Organized Panel Session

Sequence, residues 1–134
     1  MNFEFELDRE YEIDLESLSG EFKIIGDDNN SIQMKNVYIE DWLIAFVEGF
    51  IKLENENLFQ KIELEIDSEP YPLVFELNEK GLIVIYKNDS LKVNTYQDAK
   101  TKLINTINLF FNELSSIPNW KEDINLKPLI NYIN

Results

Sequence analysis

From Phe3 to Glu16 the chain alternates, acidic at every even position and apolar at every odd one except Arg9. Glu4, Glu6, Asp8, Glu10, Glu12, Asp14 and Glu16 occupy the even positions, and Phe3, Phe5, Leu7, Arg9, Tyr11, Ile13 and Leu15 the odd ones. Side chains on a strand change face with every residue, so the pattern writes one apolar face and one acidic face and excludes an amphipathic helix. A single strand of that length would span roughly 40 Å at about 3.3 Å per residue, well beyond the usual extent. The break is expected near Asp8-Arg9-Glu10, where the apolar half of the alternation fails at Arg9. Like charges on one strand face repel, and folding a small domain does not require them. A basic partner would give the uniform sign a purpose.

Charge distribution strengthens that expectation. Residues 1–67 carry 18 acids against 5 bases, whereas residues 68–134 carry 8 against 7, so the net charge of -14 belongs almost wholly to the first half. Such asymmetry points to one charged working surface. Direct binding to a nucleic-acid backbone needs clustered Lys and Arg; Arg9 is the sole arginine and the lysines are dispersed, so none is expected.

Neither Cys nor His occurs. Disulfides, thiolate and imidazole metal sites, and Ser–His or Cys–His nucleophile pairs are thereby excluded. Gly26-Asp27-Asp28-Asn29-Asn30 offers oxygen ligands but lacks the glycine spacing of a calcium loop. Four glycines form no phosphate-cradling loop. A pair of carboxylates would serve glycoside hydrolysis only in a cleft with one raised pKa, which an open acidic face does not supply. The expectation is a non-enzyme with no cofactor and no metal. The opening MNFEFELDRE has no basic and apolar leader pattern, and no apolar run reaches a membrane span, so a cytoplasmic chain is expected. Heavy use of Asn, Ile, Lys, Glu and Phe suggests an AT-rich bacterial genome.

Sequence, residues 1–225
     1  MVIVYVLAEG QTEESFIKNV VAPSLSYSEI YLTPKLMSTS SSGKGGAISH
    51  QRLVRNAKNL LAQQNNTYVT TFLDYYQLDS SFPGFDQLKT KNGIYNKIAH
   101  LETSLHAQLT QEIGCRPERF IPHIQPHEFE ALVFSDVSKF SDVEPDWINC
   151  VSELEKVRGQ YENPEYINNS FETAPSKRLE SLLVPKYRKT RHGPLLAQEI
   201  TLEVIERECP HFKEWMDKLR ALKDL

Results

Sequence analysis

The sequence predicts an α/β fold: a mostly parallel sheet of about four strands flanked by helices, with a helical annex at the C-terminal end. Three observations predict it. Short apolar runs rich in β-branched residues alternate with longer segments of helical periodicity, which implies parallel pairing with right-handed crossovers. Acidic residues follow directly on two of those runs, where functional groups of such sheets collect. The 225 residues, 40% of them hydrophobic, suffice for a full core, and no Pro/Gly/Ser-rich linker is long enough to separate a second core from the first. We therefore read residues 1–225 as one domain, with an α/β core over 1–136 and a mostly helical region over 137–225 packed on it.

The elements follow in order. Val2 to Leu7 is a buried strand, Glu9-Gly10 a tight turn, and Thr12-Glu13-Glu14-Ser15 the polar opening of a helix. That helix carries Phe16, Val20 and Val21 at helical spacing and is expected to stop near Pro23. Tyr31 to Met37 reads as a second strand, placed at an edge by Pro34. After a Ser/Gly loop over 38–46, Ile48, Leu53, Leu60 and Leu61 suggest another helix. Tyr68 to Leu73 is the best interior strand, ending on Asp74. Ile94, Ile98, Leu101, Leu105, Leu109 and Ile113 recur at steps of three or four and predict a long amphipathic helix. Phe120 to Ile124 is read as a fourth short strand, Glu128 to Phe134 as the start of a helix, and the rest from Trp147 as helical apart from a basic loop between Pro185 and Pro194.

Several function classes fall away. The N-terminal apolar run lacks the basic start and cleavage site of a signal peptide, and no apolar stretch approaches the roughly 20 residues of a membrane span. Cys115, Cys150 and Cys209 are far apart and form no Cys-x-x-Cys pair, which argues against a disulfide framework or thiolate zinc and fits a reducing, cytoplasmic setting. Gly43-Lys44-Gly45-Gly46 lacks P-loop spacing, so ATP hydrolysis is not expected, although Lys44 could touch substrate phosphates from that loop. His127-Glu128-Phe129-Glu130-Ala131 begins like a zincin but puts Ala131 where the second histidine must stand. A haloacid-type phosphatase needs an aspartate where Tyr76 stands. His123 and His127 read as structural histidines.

South Korean filmmaker Kim Kiyoung (1919-1998) is famous for his horror and thriller films filled with unique style of excess and strong theme of obsession. This presentation shifts attention to Kim’s “Soil,” [Hŭk], an under-examined 1978 literary film adaptation based on Yi Kwangsu’s 1932 novel. I approach the film as a key text that allegorically engages with the state promulgation of the developmentalist ideology of the 1970s. I explore several questions that relate to the film’s incisive view on workings of ideology under the authoritarian regime: namely, the relationship between cultural nationalist discourse of enlightenment and the state rural revitalization campaign; Kim’s film authorship and the reward film policy, (i.e., munye yŏnghwa), as well as the colonial representation in literature and film media. In particular, I concentrate on Kim’s elaborate construction on the domestic mise-en-scene that dramatizes and enhances the tension between the conjugal relationship and personal devotion for a social campaign. In the end, this essay casts light at the way in which Kim, while working within the rigid system of censorship and conformity, advances an elaborate critique on the cultural nationalism which undergirds the workings of the dominant ideology of developmentalism.